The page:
6. Partial Payment Upfront. If a distant seller asks for a partial payment upfront, particularly in a situation where they claim to have already shipped the goods, it’s important to exercise caution. This scenario often presents red flags that indicate a potential scam.
  7. Duplicate Content Websites. Businesses with non-original content often hold little or no value.
  8. No Google Analytics. If the seller has Google Analytics installed on their website but is unwilling to share access, it raises a significant red flag that they may be hiding something.
  9. Limited Google Analytics Data. This might not provide enough information to make an informed decision.
  10. Blocked Wayback. If the seller has nothing to hide, there should be no reason to block Wayback, a service that archives web pages.
  11. PBN or Rented Links. Does the seller utilize Private Blog Networks (PBN) to artificially inflate their traffic? After the sale, the seller may remove these links, resulting in a significant decrease in traffic.
  12. Incomplete or Poorly Written Listing. An incomplete or poorly written listing may indicate a lack of professionalism or attention to detail.
  13. Foreign Company Job Offer. When a foreign company offers you a job that involves receiving payments from customers and wiring funds, it is crucial to be aware of the potential risks associated with this arrangement. This type of situation is often a part of a scam:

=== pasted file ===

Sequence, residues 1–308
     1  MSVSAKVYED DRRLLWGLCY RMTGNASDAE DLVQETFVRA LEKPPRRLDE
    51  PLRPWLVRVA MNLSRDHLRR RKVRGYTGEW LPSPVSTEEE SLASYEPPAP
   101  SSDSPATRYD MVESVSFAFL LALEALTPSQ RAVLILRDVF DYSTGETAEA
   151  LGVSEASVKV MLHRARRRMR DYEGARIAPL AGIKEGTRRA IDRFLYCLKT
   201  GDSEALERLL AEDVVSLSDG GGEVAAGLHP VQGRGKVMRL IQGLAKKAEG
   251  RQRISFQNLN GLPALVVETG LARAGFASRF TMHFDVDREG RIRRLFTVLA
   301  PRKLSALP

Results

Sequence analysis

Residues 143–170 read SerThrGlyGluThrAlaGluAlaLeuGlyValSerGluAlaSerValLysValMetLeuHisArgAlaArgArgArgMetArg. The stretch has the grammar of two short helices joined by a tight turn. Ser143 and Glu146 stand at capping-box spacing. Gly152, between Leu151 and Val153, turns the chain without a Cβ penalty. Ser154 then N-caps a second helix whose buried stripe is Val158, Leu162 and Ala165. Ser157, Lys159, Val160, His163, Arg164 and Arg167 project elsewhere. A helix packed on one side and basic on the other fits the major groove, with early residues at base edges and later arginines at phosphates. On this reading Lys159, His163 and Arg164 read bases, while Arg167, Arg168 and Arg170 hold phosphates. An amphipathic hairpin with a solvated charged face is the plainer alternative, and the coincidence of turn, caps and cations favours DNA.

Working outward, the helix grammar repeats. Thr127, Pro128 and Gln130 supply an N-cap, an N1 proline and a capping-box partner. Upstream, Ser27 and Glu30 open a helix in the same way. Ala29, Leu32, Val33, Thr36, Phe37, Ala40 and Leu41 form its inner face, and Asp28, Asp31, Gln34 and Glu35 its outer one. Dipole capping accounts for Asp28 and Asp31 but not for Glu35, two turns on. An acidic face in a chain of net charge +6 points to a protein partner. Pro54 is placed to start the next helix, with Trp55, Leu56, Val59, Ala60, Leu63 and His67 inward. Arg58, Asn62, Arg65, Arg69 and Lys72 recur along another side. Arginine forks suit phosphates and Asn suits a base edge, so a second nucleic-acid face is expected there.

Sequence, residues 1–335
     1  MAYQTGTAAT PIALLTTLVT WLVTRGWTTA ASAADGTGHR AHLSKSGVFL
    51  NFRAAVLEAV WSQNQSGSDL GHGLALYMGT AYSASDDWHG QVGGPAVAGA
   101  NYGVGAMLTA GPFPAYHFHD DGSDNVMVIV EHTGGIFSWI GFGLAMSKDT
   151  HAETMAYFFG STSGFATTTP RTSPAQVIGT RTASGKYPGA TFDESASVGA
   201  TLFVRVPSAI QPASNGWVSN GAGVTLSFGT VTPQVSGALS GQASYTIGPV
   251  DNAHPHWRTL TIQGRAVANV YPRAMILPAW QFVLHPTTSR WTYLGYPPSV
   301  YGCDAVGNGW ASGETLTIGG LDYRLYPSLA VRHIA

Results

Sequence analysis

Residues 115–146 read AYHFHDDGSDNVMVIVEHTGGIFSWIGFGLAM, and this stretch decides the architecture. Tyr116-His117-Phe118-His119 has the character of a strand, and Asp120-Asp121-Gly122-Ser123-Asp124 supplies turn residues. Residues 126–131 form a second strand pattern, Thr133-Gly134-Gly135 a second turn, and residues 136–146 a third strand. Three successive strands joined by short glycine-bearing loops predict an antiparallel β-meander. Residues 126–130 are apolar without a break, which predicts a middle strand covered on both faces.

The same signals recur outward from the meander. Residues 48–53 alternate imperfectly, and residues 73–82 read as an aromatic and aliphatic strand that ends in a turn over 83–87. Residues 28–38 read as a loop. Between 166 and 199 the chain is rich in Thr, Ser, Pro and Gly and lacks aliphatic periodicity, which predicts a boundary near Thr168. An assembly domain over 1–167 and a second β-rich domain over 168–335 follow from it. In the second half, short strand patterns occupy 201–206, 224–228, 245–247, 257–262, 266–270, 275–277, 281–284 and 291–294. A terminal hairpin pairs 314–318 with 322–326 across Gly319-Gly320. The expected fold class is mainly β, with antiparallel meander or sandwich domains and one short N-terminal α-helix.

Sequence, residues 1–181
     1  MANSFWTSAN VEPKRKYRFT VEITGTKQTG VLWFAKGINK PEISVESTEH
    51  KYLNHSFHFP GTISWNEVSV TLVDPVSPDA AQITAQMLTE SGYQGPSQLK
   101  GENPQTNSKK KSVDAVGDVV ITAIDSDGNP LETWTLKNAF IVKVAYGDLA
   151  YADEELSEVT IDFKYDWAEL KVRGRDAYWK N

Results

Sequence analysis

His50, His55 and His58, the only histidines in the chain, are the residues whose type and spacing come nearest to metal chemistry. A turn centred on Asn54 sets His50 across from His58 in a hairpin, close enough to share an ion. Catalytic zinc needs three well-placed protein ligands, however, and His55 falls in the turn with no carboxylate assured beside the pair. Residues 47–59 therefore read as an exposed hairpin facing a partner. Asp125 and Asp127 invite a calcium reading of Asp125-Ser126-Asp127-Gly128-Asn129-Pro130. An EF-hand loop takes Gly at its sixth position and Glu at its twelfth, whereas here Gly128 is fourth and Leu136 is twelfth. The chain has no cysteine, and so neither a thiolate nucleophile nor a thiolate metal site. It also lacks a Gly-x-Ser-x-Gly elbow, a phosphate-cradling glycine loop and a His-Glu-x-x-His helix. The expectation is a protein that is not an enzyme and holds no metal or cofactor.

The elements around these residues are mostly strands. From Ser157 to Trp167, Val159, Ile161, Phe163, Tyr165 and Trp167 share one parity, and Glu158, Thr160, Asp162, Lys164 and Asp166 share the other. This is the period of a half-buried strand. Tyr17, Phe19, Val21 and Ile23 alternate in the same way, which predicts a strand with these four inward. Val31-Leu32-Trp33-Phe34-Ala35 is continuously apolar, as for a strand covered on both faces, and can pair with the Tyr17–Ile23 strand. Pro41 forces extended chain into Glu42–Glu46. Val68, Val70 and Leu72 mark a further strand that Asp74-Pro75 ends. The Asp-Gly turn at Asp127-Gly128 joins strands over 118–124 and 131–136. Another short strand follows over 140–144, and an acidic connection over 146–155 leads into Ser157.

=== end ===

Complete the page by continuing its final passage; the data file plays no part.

14. Fake Revenue Claims. Insist on video screen sharing to verify income instead of relying solely on screenshots.
  15. Cooked Books. Beware of fake invoices, purchased traffic, and falsified PPC numbers. If you are investing a significant amount, consider hiring someone to verify and vet the financial information.
  16. No Online Footprint. Search for information about the seller online. Do they have a LinkedIn account, Facebook page, or any other online presence? A lack of online footprint may indicate the use of a fake persona.

Who should you notify about fraud or scam attempts?

United States


If you are defrauded by someone you met in person, contact your local police department.

Additional tips to stay safe

  1. Trust Your Instincts: If something seems suspicious or too good to be true, it probably is. Always err on the side of caution and prioritize your safety over any potential deal.
  2. Choose a Neutral Meeting Location: If you are meeting in person, avoid meeting buyers or sellers at your physical residence. Opt for a safe and neutral location. Places with a reasonable amount of foot traffic are preferable.
  3. Protect Personal Information: Never share personal codes or sensitive information about yourself with strangers. Keep your interactions focused on the transaction and avoid divulging unnecessary personal details.
  4. Use a Separate Email Address: Create a separate email address or use a secondary email account that is not linked to your primary or important accounts. This helps maintain privacy and reduces the potential for unwanted solicitations.
  5. Consider Using a Secondary Phone Number: Whenever possible, avoid using your primary phone number for classified transactions. Utilize alternative options like Google Voice to maintain a level of anonymity and protect your personal information.
  6. Block Known Scam Numbers: If you identify a number as a scam, block it. By doing so, you can reduce the frequency of scams reaching you.
  7. Flag Suspicious Emails: Take advantage of the platform’s reporting features. Flag any suspicious emails you receive and mark them as unwanted, spam, or scams to help protect other users and maintain the integrity of the platform.